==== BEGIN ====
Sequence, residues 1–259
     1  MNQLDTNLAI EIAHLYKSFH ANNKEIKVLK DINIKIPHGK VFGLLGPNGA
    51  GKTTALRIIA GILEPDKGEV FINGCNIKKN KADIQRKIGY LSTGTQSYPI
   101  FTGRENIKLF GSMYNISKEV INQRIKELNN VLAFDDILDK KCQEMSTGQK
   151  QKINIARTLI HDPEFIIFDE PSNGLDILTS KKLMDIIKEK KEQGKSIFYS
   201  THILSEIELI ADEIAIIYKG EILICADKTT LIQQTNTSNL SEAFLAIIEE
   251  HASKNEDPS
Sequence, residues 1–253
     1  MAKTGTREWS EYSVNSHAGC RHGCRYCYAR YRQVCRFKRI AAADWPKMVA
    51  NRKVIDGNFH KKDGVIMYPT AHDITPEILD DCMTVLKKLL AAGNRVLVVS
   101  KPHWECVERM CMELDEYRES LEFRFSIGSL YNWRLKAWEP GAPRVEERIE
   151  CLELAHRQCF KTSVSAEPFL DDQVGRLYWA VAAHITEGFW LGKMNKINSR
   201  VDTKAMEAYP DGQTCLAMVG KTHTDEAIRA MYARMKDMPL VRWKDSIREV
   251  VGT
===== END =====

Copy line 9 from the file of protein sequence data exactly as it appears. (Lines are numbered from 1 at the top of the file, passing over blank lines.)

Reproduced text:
     1  MAKTGTREWS EYSVNSHAGC RHGCRYCYAR YRQVCRFKRI AAADWPKMVA